The first curly arrows…lead to this?

Little did I imagine, when I discovered the original example of using curly arrows to express mechanism, that the molecule described there might be rather too anarchic to use in my introductory tutorials on organic chemistry. Why? It simply breaks the (it has to be said to some extent informal) rules! Consider the dimerisation of nitrosomethane (in fact a well-known equilibrium).

Curly arrow pushing for this reaction results in two arrows heading in effect towards the same bond, at the same time! The result has two adjacent nitrogen atoms each with (formal) positive charges on them, and the N…N bond order goes from zero to two in a single step. Surely this cannot be allowed to happen as shown above? Well, the IRC (intrinsic reaction coordinate) computed from a ωB97XD/6-311G(d,p) calculation is shown below. The barrier is small, the profile uneventful. I conclude that if I ever see a student exam script showing two curly arrows heading directly towards the same bond at the same time, it might even deserve to be graded correct!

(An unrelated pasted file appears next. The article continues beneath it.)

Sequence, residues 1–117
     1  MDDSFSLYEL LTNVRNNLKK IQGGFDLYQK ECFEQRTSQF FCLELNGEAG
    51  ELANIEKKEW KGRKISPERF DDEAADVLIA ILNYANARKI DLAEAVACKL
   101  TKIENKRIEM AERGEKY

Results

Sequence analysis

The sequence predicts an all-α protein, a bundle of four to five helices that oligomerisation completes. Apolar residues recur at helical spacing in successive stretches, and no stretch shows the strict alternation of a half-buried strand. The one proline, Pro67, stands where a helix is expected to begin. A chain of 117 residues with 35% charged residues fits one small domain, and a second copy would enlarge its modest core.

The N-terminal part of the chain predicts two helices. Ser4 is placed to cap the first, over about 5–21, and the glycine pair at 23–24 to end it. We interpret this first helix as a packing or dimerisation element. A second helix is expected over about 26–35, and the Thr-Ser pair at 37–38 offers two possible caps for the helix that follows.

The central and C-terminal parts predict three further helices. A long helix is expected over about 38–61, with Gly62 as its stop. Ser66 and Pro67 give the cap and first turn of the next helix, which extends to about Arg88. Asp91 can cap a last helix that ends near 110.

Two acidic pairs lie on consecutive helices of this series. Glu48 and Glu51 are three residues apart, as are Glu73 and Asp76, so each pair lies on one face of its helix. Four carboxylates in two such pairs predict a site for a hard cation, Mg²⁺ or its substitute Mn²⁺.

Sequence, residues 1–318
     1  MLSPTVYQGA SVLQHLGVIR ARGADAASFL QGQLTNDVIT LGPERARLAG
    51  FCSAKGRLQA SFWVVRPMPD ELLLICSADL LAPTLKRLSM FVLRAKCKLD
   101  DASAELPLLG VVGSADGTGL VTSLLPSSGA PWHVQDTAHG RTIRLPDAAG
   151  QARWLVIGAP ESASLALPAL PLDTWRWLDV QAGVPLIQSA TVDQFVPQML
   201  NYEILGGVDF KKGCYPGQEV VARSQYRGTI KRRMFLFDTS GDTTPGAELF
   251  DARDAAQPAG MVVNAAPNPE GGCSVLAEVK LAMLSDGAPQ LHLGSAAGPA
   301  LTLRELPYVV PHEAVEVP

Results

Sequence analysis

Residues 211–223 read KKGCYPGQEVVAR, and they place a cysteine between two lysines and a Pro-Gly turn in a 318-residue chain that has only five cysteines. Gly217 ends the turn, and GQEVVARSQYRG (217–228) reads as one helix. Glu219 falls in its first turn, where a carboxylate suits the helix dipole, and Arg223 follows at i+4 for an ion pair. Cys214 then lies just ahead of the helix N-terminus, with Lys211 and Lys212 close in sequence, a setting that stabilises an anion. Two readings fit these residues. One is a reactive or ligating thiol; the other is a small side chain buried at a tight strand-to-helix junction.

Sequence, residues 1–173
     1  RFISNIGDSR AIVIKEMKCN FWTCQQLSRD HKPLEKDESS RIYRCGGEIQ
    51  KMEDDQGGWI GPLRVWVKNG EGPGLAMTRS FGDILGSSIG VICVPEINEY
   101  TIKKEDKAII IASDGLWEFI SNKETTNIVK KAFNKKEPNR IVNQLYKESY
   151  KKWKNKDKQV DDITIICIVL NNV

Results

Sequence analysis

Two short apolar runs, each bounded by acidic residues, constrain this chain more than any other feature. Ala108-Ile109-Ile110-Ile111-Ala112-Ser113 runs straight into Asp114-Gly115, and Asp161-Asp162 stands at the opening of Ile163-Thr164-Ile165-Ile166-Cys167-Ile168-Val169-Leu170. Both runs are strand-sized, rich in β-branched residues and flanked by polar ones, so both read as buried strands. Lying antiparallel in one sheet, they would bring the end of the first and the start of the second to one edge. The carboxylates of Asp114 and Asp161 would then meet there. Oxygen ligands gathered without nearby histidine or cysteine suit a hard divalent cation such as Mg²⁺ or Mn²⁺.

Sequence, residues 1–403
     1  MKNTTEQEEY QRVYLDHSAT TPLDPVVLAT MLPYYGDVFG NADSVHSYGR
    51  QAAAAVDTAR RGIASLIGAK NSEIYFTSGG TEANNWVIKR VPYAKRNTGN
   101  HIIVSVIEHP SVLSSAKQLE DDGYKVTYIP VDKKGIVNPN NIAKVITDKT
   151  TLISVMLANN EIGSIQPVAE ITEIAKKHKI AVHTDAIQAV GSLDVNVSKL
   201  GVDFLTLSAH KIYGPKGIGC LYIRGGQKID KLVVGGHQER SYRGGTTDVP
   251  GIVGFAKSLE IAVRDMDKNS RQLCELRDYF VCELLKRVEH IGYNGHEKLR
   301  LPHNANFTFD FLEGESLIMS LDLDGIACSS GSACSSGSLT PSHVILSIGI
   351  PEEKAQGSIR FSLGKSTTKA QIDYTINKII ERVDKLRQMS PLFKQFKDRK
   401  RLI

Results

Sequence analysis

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3 Responses to “The first curly arrows…lead to this?”

  1. […] other electrophiles), why is the product p-substituted? Well, I also showed that nitrosobenzenes can easily dimerise, as shown below. This species now has a π-mesomeric resonance shown with red arrows below which […]

  2. […] of C1-C6 from one to two to form A. Note that we do this in two explicit steps since (with only a few exceptions), bonds rarely change their order by more than one in any distinct mechanistic […]

  3. […] Route B (green), overlapping the HOMO of 1 with the LUMO of 2 to create a new π-MO to be occupied by the two electrons extracted from the N-O σ-bond (a similar promotion of a σ- to a π-pair was noted in this post). […]

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